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Jupiter

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NEWS
February 20, 1997 | The Philadelphia Inquirer / MATTHEW ERICSON
The search for extraterrestrial life will start down a new path today. Galileo, which has been traveling around Jupiter for more than a year, will swoop close to the moon Europa. Scientists hope to collect detailed photos giving clues about whether the moon once supported life.
NEWS
August 7, 2011 | By Scott Gold, Los Angeles Times
LOS ANGELES - The NASA spacecraft Juno, en route to an unprecedented exploration of Jupiter and the origins of the solar system, lifted off Friday from Cape Canaveral in Florida. Juno launched aboard an Atlas 5 rocket at 12:25 p.m. into clear skies. The craft soared over the Atlantic then conducted two "burns" to set it on the right trajectory for a five-year, 1.7 billion-mile trip to Jupiter. "Today, with the launch of the Juno spacecraft, NASA began a journey to yet another new frontier," NASA Administrator Charles Bolden said.
NEWS
July 20, 1994 | By Jim Detjen, INQUIRER STAFF WRITER
The public is invited to view the planet Jupiter through telescopes tonight at two free programs, at Valley Forge National Historical Park and at Villanova University. One of the region's largest "star parties" will be held tonight beginning at 8 p.m. at the model-airplane field on Route 202 at the park. "More than a dozen telescopes will be set up," said Bob Summerfield, director of Astronomy to Go and one of the event's organizers. Amateur astronomers will also be on hand to discuss Jupiter and show slides and videos of comets and other astronomical bodies.
NEWS
April 18, 1988 | By NELS NELSON, Daily News Theater Critic
Dramatists through the ages, including Moliere, Shakespeare and a hundred lesser lights, have mined Greek mythology for raw material (many by cribbing from the adaptations by the Roman comic poet Plautus). So why should Harvard grad Barry Harman be an exception? Harman lifted "Amphitryon" from a 19th- century German named von Kleist, who had rewritten Moliere, who had copied Plautus. Then he persuaded one Grant Sturiale to dash off a score, and delivered himself a musical comedy peppy enough to register a modest off- Broadway hit trading as "Olympus on My Mind.
NEWS
December 31, 2001 | By Seth Borenstein INQUIRER WASHINGTON BUREAU
Jupiter will ring in the new year by looming directly overhead at midnight, as close to Earth as it will get all year. This coincidence of Earth's orbit and Jupiter's has not happened since 1752 and will not happen again until New Year's Eve 2084, said Jack Horkheimer, director of the Miami Space Transit Planetarium. Moreover, Jupiter will be cozying up to a bright and nearly full moon. When the sun sets tonight, Jupiter will rise in the northeast and will slowly climb in the sky until it reaches its highest point at midnight.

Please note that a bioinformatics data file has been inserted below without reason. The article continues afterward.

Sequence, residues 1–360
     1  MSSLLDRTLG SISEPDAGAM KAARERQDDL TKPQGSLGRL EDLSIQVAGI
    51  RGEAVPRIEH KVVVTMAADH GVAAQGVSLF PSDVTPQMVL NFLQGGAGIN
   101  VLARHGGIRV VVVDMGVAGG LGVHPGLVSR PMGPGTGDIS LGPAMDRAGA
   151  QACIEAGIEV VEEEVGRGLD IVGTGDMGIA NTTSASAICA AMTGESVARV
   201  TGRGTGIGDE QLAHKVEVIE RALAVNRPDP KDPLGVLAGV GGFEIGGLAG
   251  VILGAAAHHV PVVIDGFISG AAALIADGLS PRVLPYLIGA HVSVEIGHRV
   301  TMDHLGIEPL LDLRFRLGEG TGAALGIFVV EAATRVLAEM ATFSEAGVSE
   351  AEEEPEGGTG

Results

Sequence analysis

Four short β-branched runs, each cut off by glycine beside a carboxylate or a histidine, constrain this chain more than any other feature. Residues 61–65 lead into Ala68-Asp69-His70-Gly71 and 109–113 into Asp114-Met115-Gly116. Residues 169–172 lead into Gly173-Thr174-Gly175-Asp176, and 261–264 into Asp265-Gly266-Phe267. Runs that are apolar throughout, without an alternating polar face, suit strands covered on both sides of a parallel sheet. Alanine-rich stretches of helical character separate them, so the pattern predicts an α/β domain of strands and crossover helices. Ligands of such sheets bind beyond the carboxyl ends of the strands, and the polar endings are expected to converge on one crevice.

NEWS
July 12, 1994 | Los Angeles Daily News
Astronomer Don Yeomans was at the supermarket last week when he came across a tabloid claiming that Saturday's collision between the planet Jupiter and a newly discovered comet will create a new ice age on Earth. Bemused, Yeomans - a senior scientist at Jet Propulsion Laboratory who has been tracking the comet for months - read that he and other scientists were covering up the truth about the comet Shoemaker-Levy 9 to prevent public panic. "Well, there will be no ice age next week," Yeomans announced at a press briefing yesterday, drawing a laugh.
NEWS
July 22, 2000 | By Seth Borenstein, INQUIRER WASHINGTON BUREAU
Earth may have a shy new neighbor. Astronomers announced late yesterday that they had accidentally found what appears to be a tiny new moon orbiting Jupiter. It would be the first new satellite of Jupiter discovered in 21 years. If confirmed, as scientists at the University of Arizona's Spacewatch program and Harvard University expect, it would be Jupiter's 17th moon. It was not easy to find. The unnamed moon, probably only three miles in diameter, is the smallest object orbiting any of the nine planets in our solar system, Harvard astronomer Brian Marsden said.
NEWS
October 25, 1993 | by Ron Avery, Daily News Staff Writer
Old and retired, a bit rusty but still peppy and moving along despite the passing years. The description fits both vessel and crew of the tugboat Jupiter. The crew - a grizzled group of laid-back retirees, most in their 70s - amble aboard the 91-year-old tug singly and in pairs.. First, they rest their bones awhile in the galley over coffee and doughnuts. About 10 a.m. the old salts spread out and begin puttering around the tug. The engine kicks on; the tug moves 50 feet and stops.
NEWS
July 3, 2016 | By Dan DeLuca, Music Critic
Rivers Cuomo of Weezer emphatically expresses his patriotic fervor - with expletives! - on this new song inspired by NASA's Juno mission, which will enter Jupiter's orbit July Fourth, the day before Weezer plays the BB&T Pavilion in Camden.
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NEWS
July 3, 2016 | By Dan DeLuca, Music Critic
Rivers Cuomo of Weezer emphatically expresses his patriotic fervor - with expletives! - on this new song inspired by NASA's Juno mission, which will enter Jupiter's orbit July Fourth, the day before Weezer plays the BB&T Pavilion in Camden.